AAPka war intensifies

New Delhi: Claims of silencing the bitter feud among the senior leaders in Aam Aadmi Party might have ended on Wednesday night with the removal of Prashant Bhushan and Yogendra Yadav from the PAC, but it seems we have only witnessed the tip of the iceberg.

Minutes after the meeting of the national executive came to an end in the national capital; we saw the dominance of Arvind Kejriwal’s faction within the party. His decision of being uncomfortable to work with the duo had led to the conclusion that both Bhushan and Yadav will be out of AAP’s core group.

It was agreed that the political rift was now water under the bridge and the AAP will get its focus back on Delhi.

However, on Thursday morning a note of senior Aam Aadmi Party leader Mayank Gandhi was up on his blog site which he used to attack party leaders for the diktat issued to him for not sharing the details of the meeting with anyone. He said disciplinary actions would be taken against him if the details of the meet were shared.

But Gandhi shared the details of the national executive meeting for his volunteers, focusing on the principles of the truth and transparency, on the pillars of which the party was formed.

In his note to the volunteers sharing the background of the complete rift episode Gandhi wrote, “On 26th Feb night when members of the NE went to meet him, Arvind conveyed that he will not be able to work as Convenor, if these two members were part of the PAC. That was the background of the NE on 4th March.”

The note of Gandhi to volunteers indicated a rather quick graduation of AAP to hard-nosed power politics. Gandhi in his note wrote, “Yogendra said that he understood that Arvind did not want them in PAC, as it was difficult to him to work together. He and Prashant would be happy to stay out of PAC, but they should not be singled out.”

Sharing more details of the meeting Gandhi wrote, “The meeting broke for some time and Manish and others conferred with the Delhi team of Ashish Khetan, Asutosh, Dilip Pandey and others. After reassembling, Manish proposed a resolution that YY and PB be removed from the PAC and it was seconded by Sanjay Singh.”

On his voting, Gandhi wrote, “I abstained to vote, because of two contrary reasons. First, Arvind needs a smooth working in the PAC. So, I agreed that PB and YY may be out of PAC and take some alternate important roles. Second, I was taken aback by the resolution of removing them publicly, especially as they themselves were willing to leave. Also, this decision to sack them was against the overwhelming sentiments of volunteers from all over the world.”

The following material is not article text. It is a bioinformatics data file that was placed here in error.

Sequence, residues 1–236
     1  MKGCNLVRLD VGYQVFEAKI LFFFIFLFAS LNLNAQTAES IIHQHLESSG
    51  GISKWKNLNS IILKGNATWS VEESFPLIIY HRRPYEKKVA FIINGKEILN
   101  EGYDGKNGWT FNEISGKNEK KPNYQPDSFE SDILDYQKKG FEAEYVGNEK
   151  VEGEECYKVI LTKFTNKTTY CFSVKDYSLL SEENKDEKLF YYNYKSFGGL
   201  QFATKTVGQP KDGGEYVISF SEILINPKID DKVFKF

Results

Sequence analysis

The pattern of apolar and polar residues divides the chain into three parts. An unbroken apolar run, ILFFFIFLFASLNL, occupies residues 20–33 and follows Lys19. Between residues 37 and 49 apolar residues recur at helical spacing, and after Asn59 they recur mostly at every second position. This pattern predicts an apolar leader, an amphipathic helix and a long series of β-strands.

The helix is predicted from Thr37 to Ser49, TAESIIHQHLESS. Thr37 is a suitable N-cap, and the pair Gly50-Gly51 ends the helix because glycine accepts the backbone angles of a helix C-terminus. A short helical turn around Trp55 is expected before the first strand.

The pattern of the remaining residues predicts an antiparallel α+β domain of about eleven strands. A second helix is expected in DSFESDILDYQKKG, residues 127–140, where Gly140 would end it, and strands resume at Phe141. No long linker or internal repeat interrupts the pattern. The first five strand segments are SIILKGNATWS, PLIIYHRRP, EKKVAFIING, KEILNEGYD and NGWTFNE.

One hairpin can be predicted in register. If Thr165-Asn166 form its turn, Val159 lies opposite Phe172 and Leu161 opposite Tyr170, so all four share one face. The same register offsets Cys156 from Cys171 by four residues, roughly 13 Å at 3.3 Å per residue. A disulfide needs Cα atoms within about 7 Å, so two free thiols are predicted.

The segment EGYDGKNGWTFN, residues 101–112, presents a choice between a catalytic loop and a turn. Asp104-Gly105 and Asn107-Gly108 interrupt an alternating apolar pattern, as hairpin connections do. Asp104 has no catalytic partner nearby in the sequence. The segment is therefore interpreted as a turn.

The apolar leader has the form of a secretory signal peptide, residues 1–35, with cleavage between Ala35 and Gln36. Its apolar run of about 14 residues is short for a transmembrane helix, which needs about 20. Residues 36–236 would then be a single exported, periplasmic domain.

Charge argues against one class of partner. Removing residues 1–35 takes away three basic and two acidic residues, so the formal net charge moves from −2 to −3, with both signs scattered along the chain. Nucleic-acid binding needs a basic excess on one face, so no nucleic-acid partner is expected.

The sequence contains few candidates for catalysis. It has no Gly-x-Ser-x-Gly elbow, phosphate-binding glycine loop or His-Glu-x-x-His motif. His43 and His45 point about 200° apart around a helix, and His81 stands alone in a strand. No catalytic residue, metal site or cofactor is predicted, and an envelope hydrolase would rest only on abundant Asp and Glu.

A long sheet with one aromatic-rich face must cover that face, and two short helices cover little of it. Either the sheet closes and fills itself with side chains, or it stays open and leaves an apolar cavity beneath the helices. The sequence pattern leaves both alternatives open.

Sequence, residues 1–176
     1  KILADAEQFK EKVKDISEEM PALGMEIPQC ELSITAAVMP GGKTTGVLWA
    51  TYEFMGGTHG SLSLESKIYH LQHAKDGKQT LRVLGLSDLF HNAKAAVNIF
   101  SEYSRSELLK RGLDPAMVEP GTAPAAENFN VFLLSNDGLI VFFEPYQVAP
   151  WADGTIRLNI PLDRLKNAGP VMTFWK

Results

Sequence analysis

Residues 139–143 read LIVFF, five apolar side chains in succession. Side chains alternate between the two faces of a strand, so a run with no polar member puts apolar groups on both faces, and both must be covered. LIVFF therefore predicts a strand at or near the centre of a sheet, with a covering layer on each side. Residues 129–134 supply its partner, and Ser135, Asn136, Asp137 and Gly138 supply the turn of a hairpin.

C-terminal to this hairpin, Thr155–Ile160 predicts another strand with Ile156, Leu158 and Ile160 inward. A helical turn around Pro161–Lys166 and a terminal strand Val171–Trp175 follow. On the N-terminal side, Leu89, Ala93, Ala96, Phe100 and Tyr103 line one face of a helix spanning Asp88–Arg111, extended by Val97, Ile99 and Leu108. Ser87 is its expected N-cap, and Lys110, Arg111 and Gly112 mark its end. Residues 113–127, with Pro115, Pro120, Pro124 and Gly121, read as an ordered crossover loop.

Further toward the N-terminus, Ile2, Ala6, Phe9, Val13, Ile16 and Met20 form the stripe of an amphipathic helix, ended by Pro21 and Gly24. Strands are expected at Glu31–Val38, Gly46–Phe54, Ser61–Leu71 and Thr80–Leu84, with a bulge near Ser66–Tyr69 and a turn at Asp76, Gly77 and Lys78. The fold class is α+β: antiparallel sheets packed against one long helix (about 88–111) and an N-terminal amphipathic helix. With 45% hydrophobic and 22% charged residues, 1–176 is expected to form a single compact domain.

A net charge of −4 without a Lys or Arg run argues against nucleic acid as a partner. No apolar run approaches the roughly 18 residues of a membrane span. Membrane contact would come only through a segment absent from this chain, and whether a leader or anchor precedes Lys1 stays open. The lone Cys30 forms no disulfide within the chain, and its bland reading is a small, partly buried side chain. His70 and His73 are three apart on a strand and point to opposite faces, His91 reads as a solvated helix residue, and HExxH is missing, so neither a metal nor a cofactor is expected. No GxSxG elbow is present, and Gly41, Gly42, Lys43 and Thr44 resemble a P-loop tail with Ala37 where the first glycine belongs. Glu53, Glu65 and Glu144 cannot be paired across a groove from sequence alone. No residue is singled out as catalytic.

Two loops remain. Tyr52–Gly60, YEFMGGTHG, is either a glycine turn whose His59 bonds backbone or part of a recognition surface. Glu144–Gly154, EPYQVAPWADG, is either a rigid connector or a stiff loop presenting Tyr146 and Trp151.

Gandhi further wrote, “So, while I agreed that they can step down from the PAC, the manner and intention behind the resolution was not acceptable. Hence, the decision to abstain.”

In the last words of his note Gandhi mentioned, “This is not a revolt, nor is this some publicity ploy. I will not go to the press. There may be some repercussions overt and covert against me. So be it.”

Yadav, a day after his ouster from the PAC, on Thursday told reporters that he did not believe in holding important posts within the party.

Yadav also refused to comment on Gandhi’s blog post and said, “I don’t want to comment on his blog, but I only want to say one thing. Finally, truth prevails.”

The rift of idealism became clear a week back during the national executive meet on February 26 with the emergence of AAP’s founder member, Prashant Bhushan letter in the media.

Bhushan’s letter pointed out several institutional problems in the party, which were sidelined by Kejriwal who stood for some principles.

AAP which stormed to power in Delhi elections with massive margin in early February has witnessed sharp differences within the party amid allegations that Yadav and Bhushan were conspiring together to remove Kejriwal from the national convener’s post.

Gandhi’s blog post comes at a crucial juncture and is another turning point in what has become a raging feud within the party.

With the differences in ideas and regular revolts of the senior party leaders, the message is clear that all’s not well in the AAP household.






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